I am an entrepreneur – a moderately shocking fact for a kid from Cleveland. What's more shocking? I'm a very proud graduate of the Haas School of Business at the University of California, Berkeley. Yes, I willingly left the work force for two years in order to pay to attend business school.
There is a standard list of reasons why startup types mock master of business administration degrees:
An MBA is all about drinking.
An MBA is all about partying.
An MBA is all about "networking" (read: drinking and partying).
It's true that you do not need an MBA to be an entrepreneur – actually, you don't even need a bachelor of arts (see: Zuckerberg, Mark). But I loved earning my MBA. I was able to co-found a business during school and learn from that experience. I was able to take time to think, refine and experiment. I was able to meet incredible people who have directly made an impact on the success of our business.
For those hoping to break into entrepreneurship, business school is an amazing path to do so because of its inherent opportunities. Here are five:
Experiment within an incredibly forgiving setting. While in school, I worked on a business with three other classmates. The lessons we learned were invaluable: define roles early, work on a partnership agreement, get used to the grind of working on a startup, build a diverse team in terms of perspective and skill set. Equally valuable is that on any campus there's an unparalleled wealth of resources – classmates, professors, undergrads and students in other departments, such as the information and computer science schools.
Build a relevant local network. Being a successful entrepreneur requires you to be resourceful and to find answers to complex issues. Working hard and meeting smart people affords you not only their insight, but also that of their network. Building strong relationships through intense and continuing interactions (such as school projects, event planning, or yes, having fun) creates a large advocacy network. Your classmates will want to see you succeed, and they will happily introduce you to their friends who can help. Business school is great for future business development. This is analogous to a management consultant who builds relationships with junior-level folks at client companies. In 10 years when they are both at a senior level, they will have a great working relationship.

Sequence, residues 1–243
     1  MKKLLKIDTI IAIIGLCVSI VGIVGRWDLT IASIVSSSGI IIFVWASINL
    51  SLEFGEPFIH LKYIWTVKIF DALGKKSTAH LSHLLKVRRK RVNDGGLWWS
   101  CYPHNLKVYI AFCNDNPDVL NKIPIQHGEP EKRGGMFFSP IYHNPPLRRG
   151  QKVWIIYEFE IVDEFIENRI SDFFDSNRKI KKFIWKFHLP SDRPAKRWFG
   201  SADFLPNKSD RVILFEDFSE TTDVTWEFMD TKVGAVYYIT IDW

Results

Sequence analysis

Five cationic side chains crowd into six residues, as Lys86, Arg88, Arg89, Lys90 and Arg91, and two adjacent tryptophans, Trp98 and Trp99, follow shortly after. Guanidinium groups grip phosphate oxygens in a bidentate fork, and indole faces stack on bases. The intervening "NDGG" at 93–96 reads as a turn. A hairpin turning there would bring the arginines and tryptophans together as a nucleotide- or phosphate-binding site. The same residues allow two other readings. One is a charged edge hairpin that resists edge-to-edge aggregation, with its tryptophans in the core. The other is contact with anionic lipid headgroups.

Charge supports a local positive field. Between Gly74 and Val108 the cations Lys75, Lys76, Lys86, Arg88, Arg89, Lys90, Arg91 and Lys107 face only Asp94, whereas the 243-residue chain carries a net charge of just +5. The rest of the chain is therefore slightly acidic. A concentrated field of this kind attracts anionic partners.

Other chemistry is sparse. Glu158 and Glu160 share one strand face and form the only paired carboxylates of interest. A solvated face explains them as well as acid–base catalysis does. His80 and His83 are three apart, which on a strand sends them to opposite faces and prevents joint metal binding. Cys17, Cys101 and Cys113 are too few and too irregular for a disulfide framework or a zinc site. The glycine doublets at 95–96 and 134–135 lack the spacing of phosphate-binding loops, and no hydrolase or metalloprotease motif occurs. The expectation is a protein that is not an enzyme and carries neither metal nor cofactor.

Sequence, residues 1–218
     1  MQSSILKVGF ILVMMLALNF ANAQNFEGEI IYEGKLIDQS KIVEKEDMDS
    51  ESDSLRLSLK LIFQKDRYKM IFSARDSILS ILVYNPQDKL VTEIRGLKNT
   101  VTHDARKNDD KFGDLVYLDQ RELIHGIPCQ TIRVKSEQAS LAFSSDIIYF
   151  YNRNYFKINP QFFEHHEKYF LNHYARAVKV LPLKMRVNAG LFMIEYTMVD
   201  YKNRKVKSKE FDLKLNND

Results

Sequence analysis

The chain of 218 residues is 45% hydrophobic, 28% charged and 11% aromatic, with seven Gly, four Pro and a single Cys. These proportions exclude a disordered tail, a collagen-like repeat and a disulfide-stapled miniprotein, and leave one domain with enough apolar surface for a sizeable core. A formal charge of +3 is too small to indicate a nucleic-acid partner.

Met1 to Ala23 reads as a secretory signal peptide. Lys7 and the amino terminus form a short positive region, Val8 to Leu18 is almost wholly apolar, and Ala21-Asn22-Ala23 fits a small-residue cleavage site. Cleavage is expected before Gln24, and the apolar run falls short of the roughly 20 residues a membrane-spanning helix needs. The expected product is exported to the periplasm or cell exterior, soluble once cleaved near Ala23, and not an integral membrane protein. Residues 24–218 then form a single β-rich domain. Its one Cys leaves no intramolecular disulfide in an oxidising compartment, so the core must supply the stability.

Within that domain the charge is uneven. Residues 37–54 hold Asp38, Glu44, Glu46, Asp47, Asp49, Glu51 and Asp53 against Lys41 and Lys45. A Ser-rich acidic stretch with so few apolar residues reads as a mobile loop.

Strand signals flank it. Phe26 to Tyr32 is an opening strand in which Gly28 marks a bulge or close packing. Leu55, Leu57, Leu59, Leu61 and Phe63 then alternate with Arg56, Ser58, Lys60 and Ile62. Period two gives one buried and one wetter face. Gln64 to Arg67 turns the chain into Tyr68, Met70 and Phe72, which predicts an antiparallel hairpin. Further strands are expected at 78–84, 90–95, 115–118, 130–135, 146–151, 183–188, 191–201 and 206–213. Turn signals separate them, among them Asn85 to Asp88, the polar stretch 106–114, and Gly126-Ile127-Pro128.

Find your investors. Our lead investor is a great venture capitalist, Michael Berolzheimer, who graduated from Haas four years before me. The rest of the round is filled out with Cal grads, and folks whom I have met through warm introductions.
Hire a great team. Our creative director, Ashil Parag, is a close friend's cousin, and our startup lawyer, Doug Bend, is another friend's brother. Our technical director is a Cal undergrad whom I met while speaking to an entrepreneurship group. As we engage in hiring now, I can count on my classmates to provide great candidates.
Collect classwork that might actually come in handy. Business school was the first time I took a formal course in marketing, finance, accounting, sales and operations. Is a lot of it theoretical? Yes. Have I taken lessons from each class and applied them to my company? Absolutely. Even more valuable were classes from U.S. entrepreneur gurus Steve Blank and Eric Ries, a startup workshop from Haas lecturer and consultant Dave Charron in which I received the instant feedback every entrepreneur needs, and the Problem Finding, Problem Solving class from Haas lecturer Sara Beckman that gave me the beginning of a toolkit for creative problem-solving and design-thinking. "You don't know what you don't know" is one of my favourite phrases. With the right attitude and the right goals, any work, educational, travel or other experience will help you improve as an entrepreneur. Done right, business school can provide you the space to come up with that brilliant idea, the resources to execute it, and the support network that you will need during the entrepreneurial grind. And yes, it might provide people who are good at celebrating your successes, too.
Aaron Schwartz is founder and chief executive officer at Modify Industries Inc., which designs interchangeable custom watches known as Modify Watches.